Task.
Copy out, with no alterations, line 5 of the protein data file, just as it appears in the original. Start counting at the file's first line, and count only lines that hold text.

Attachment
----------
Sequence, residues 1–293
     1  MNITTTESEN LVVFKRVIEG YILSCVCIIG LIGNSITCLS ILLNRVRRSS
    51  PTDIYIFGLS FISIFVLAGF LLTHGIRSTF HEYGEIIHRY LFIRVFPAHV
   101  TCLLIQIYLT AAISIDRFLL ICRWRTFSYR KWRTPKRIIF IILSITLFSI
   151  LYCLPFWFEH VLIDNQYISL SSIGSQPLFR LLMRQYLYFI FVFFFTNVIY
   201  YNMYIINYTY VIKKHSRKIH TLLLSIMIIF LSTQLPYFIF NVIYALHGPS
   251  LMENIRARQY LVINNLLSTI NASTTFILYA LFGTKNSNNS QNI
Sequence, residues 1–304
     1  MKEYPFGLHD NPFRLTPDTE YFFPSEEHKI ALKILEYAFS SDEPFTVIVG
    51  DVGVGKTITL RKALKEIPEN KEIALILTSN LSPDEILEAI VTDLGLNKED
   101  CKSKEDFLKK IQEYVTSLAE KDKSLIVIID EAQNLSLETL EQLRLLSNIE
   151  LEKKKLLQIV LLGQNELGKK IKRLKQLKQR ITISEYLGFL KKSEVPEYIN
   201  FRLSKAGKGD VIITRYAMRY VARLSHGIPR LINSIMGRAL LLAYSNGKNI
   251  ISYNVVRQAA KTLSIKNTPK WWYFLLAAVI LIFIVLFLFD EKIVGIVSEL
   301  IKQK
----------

   151  LYCLPFWFEH VLIDNQYISL SSIGSQPLFR LLMRQYLYFI FVFFFTNVIY